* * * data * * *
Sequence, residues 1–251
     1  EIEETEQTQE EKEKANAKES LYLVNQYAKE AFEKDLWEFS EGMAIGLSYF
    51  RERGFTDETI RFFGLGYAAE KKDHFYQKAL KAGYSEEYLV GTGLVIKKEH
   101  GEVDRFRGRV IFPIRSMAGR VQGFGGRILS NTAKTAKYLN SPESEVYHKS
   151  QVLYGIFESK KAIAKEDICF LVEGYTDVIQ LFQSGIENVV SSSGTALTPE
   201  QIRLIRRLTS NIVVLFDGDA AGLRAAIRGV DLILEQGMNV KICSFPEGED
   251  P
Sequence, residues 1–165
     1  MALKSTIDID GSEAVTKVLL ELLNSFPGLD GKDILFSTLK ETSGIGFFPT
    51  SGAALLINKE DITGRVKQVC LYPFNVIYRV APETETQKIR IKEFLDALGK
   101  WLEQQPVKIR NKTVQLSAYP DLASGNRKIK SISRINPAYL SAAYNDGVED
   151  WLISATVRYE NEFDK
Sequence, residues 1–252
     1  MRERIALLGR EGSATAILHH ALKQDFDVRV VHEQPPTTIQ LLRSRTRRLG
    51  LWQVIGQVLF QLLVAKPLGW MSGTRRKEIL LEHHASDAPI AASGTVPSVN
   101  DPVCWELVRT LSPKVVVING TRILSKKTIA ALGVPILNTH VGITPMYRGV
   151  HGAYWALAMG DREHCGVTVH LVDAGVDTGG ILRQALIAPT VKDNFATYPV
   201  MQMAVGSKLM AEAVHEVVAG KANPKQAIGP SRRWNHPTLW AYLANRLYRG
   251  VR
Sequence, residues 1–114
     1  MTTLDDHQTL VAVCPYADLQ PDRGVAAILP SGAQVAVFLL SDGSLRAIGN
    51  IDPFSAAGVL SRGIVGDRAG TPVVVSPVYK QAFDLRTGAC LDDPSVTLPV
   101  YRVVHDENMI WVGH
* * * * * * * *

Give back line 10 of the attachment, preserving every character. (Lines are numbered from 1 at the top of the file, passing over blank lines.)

    51  SGAALLINKE DITGRVKQVC LYPFNVIYRV APETETQKIR IKEFLDALGK